It’s hard to imagine you on the sequel to The Golden Girls, The Golden Palace ,but there you were.
With Cheech Marin. I had a ball with him and with Estelle Getty, Rue McClanahan and Betty White. They were hilarious, smart and sweet. Betty was a fucking exceptional person to be around. They had a hard time lighting both of us because she’s so Betty White and I’m so dark. So she showed up one day with her hair dyed brown. I was like, “Why?” and she goes, “Well, you know, our lighting will work out better.” I loved doing that show. It ran for only one season. Nobody wanted to see The Golden Palace. They wanted The Golden Girls. They wanted to see those four women—although Bea Arthur had left—talk about sex and shit.
You had a huge breakthrough in 1995 playing a sociopathic, scene-stealing hit man in the movie Devil in a Blue Dress. Some people said you even managed to steal the film from Denzel Washington. We met back then, and when Washington’s name was brought up, you got quiet. Were you two copacetic?
Professionally, Denzel was about to skyrocket. There was stuff going on with him that didn’t have anything to do with me. There was just tricky shit sometimes. I was so enamored of him and amazed that I was getting the opportunity to act with him. I just tried to become that dude I played 24-7, and I had really studied, gone to Texas, gone to the wards and met gangsters. I would show up on set, get the clothes on, and when I would come out of the trailer, I didn’t come out of that character until I left. It was all because I was like, “I got to be on my game. I’m playing with Magic. I can’t dribble the ball off my foot out of bounds.” To me it was really serious. More recently I did Flight with him. We’re all good in the hood.
You’ve blended your acting prowess and musical gifts in Miles Ahead, a kind of anti-biopic of one of the greatest trumpeters, composers, innovators and mad geniuses who ever lived, Miles Davis. Being the star and the director, how does the film measure up to the one you dreamed?
You know when you see photos of people who’ve climbed Everest? People often think they pop champagne and cheer. A lot of times it’s just like, I climbed this fucking mountain. I was sort of told by Miles’s nephew that they were going to do a movie about his life and I was going to star in it. And then people started calling, and the energy came this way. I wasn’t out there chasing any Miles Davis movie. I didn’t really want to do a biopic, having been in several of them, famously, including Hotel Rwanda, Talk to Me and The Rat Pack, and won awards for them. I didn’t want to be hampered by facts. I didn’t care about when Miles met Charlie Parker. I didn’t care about when he first heard the birds sing the note that made him think about “B Flat Blues.” Especially with a person like Miles, whose entire life was a canvas to create whatever he wanted—a style of clothes, music, a way of talking, the women in his life—I didn’t want to create some up-and-down story about him.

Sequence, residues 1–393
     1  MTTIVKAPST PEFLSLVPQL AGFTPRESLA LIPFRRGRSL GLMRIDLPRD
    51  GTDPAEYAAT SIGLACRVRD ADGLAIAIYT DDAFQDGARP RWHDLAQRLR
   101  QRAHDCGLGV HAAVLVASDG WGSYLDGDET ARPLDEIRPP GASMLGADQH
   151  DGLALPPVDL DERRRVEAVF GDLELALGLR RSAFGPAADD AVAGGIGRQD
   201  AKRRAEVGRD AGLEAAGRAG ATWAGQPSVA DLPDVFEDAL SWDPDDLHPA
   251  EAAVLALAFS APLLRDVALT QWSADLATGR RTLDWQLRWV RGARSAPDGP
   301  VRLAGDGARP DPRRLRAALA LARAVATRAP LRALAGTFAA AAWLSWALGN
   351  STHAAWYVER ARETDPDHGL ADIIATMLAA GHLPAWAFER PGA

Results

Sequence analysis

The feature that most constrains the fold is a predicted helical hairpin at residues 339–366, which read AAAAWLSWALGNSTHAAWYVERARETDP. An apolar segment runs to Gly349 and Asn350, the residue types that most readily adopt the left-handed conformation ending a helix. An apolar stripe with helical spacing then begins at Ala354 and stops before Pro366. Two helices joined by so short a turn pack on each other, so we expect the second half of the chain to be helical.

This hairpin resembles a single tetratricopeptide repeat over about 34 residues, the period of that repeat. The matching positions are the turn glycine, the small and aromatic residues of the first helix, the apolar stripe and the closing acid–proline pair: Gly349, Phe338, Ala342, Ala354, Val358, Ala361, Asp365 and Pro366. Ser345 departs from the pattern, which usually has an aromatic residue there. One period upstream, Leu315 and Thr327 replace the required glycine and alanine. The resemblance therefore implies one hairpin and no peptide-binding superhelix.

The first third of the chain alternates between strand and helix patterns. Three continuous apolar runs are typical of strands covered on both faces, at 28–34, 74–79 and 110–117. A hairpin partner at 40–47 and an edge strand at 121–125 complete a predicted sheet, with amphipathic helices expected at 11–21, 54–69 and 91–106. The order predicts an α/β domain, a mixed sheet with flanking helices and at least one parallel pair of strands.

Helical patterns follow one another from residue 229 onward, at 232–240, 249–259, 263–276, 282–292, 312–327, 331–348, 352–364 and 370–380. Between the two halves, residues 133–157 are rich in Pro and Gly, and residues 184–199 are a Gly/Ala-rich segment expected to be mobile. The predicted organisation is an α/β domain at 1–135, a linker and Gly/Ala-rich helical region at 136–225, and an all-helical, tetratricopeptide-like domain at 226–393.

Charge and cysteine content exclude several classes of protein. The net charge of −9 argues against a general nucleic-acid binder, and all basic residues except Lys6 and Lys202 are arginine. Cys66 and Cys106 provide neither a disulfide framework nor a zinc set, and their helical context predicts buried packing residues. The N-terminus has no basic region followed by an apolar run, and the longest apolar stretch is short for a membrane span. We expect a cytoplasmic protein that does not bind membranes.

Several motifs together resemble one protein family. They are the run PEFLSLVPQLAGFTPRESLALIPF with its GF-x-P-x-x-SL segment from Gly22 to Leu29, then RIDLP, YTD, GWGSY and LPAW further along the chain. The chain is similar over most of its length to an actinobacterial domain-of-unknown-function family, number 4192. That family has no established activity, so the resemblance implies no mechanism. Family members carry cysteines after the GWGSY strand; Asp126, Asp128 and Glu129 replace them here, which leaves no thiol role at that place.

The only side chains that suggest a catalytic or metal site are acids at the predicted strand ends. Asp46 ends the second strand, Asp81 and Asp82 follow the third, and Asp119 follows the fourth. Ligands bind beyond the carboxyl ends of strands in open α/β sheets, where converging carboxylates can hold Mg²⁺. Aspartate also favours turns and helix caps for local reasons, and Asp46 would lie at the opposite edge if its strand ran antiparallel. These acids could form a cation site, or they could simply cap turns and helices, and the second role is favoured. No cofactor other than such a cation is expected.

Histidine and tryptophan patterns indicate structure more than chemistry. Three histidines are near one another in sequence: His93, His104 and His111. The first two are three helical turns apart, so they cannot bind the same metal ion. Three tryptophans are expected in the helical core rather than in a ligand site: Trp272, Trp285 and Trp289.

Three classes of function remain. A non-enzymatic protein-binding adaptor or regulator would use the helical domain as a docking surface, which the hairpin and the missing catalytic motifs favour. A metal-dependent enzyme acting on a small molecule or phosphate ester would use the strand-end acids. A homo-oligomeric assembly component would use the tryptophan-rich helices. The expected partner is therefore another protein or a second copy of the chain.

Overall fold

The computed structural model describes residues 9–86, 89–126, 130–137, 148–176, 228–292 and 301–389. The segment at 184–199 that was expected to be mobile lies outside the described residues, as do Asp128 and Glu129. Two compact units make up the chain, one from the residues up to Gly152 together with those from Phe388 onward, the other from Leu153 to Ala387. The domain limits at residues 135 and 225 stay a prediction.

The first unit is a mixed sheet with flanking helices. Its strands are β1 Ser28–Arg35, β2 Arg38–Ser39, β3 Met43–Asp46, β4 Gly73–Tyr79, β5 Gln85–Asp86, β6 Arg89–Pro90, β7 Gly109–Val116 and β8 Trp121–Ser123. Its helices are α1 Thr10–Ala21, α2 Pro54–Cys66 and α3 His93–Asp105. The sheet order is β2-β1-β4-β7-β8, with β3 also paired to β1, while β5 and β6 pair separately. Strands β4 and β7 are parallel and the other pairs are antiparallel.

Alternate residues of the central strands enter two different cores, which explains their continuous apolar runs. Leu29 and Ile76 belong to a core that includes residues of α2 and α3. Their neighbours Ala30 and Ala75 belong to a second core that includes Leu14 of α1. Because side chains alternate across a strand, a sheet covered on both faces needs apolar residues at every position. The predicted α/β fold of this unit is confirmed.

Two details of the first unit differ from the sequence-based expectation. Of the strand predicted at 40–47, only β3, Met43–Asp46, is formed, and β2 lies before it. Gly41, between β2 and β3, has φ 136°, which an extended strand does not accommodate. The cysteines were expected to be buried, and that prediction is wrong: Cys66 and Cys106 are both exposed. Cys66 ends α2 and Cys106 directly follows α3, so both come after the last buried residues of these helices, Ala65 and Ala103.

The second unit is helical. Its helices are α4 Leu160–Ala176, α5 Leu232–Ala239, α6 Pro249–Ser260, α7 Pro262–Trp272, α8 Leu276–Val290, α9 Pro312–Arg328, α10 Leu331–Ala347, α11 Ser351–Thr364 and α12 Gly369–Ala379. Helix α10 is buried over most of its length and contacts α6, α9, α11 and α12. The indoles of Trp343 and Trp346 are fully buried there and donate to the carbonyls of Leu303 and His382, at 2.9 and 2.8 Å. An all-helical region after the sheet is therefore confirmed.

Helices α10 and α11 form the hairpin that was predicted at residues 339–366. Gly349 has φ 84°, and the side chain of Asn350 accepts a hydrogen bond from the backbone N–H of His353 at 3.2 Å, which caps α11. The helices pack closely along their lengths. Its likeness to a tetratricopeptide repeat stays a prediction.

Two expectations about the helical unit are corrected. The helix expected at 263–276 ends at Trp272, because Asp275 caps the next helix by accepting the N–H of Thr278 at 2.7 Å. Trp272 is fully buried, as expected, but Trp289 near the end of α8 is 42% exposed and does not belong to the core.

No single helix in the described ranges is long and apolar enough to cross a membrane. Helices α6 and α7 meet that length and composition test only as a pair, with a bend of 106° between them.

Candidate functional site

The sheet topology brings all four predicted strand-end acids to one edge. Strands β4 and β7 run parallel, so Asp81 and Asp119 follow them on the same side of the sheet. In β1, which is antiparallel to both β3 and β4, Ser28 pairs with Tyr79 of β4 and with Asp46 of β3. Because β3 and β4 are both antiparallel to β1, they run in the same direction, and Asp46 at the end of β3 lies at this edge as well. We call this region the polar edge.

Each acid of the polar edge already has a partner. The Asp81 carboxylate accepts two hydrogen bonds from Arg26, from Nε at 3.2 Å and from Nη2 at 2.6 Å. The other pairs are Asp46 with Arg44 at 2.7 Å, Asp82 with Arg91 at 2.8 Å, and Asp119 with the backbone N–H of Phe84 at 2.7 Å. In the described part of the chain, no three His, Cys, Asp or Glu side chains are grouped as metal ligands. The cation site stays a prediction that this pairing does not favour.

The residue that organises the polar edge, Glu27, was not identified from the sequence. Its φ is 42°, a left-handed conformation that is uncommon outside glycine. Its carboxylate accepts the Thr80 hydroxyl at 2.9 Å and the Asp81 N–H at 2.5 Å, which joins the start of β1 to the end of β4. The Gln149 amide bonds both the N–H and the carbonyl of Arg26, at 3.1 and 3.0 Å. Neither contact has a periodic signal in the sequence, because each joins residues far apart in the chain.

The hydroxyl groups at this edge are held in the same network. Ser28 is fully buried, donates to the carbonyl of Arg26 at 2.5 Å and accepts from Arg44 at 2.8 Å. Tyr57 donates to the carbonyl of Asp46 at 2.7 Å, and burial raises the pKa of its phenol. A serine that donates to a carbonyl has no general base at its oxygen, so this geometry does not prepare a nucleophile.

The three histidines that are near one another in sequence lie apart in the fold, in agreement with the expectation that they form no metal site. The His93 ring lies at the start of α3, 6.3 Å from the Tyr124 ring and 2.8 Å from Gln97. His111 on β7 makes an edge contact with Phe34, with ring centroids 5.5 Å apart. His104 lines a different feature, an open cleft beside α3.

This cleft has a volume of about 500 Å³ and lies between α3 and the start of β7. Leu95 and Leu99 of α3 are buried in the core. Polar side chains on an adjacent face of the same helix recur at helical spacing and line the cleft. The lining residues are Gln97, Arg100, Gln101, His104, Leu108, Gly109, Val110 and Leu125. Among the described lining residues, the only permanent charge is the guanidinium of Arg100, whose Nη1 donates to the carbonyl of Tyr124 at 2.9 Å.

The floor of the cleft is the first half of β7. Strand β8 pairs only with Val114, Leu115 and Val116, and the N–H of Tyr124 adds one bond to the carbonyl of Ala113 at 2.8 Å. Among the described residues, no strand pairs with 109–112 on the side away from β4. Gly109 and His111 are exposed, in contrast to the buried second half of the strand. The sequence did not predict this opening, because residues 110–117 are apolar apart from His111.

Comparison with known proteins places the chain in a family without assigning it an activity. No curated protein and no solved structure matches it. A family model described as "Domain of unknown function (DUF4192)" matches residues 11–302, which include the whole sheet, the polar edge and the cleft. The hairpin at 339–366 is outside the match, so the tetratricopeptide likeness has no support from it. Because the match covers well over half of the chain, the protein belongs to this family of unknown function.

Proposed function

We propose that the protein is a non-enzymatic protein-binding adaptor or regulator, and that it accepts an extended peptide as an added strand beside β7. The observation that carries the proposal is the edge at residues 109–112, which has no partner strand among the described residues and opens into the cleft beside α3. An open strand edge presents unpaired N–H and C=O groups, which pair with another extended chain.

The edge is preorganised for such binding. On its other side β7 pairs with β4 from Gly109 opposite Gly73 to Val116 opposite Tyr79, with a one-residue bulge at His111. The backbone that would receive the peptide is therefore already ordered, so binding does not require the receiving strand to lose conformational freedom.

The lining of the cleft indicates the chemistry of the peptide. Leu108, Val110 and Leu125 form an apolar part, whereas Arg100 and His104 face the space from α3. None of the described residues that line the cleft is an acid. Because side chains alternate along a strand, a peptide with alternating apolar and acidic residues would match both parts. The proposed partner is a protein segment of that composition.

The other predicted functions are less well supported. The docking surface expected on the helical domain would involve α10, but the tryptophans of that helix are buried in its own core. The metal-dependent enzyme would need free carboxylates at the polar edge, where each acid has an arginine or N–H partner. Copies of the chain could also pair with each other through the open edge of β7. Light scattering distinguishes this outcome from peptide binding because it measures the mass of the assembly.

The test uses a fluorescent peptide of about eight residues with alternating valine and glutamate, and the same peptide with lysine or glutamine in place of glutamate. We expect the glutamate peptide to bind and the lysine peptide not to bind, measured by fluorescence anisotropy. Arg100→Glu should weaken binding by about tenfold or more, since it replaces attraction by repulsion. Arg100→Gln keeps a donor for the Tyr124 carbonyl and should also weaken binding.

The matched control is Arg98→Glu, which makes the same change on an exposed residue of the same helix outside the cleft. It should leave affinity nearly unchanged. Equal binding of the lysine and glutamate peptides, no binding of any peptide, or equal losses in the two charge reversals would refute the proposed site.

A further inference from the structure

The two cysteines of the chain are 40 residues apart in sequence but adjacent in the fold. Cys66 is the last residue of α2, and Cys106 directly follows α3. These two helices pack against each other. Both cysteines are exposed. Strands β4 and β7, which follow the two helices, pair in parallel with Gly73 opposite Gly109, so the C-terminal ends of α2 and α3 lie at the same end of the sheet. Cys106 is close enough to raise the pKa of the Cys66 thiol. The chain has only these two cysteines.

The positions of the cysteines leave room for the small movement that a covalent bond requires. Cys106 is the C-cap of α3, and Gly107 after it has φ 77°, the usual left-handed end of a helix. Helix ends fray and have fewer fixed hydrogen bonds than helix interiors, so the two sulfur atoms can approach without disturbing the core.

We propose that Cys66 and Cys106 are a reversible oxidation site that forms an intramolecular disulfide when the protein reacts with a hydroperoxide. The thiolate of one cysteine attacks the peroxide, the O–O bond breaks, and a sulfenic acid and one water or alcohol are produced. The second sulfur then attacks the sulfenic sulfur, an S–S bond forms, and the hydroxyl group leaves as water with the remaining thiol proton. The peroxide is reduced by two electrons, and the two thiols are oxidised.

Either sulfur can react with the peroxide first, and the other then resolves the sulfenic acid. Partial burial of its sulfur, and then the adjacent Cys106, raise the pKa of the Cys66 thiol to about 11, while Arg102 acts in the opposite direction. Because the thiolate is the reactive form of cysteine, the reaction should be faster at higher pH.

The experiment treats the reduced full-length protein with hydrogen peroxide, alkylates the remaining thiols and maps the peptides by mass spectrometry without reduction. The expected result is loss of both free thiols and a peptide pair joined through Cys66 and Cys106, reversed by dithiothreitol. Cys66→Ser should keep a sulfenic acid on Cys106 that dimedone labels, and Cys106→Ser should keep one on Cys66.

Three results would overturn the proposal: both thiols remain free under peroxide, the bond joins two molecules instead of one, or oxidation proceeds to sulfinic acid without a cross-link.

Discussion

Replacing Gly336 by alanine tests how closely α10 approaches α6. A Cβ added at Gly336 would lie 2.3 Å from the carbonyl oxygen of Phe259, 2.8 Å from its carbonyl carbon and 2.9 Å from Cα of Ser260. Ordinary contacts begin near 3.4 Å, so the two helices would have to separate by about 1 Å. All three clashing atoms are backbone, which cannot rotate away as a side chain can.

At its best, the movie plays like some crazy impressionistic mosaic.
When I met with the family, the approaches I heard all felt like different versions of the same biopic. I said, “I can try to do Ray, but do you think he’d really want that?” If someone comes to you with something different, fresher or elliptical, like “Miles is a gangster,” that would be interesting to me. I could see this sort of 1970s movie: snap zooms, push-ins, “Don Cheadle is Miles Davis as Miles Davis in Miles Ahead.” I wanted to make a movie that Miles would have wanted to star in. I drove away from my meeting with the family, got seven blocks and thought, Nobody’s going to do that unless I do. I called them back and said, “I think I have to do it.”
Did any other movies inspire you?
Every time my co-screenwriter, Steven Baigelman, and I thought we were going down the road of making something didactic and linear, we’d watch Walk Hard: The Dewey Cox Story, laugh and get terrified again. We also watched Toto the Hero because of the way it deals with flashbacks—they’re like fissures that shoot the main character off to here, then slam him back into his present-day life at a 90-degree angle. When I was making it, I was terrified. I tried to give it away and hire another director. I would have been relieved if it had gone away, because it was just too, too hard. I had to learn to play the trumpet. I was the lead actor, director, writer, producer. I paid for it, did the music, raised the money. I was everything. It’s not necessarily the smartest thing to do. I don’t think I would like to do it like that again. The first time I watched it, I left the editing room and didn’t go back for weeks. All I could see was everything I hadn’t achieved.
Jazz music, a period look—not the easiest movie to get financed, right?
Putting the movie together with the financiers, it was like, “Who’s the white dude in it?” Not a white dude sitting shotgun; he had to be in the driver’s seat. Until we got Ewan McGregor to play the journalist tracking down Miles, it was not happening. Thank God Ewan came in and did it, and he’s great in it.
Did you ever ask your Ocean’s co-star Brad Pitt to play the guy?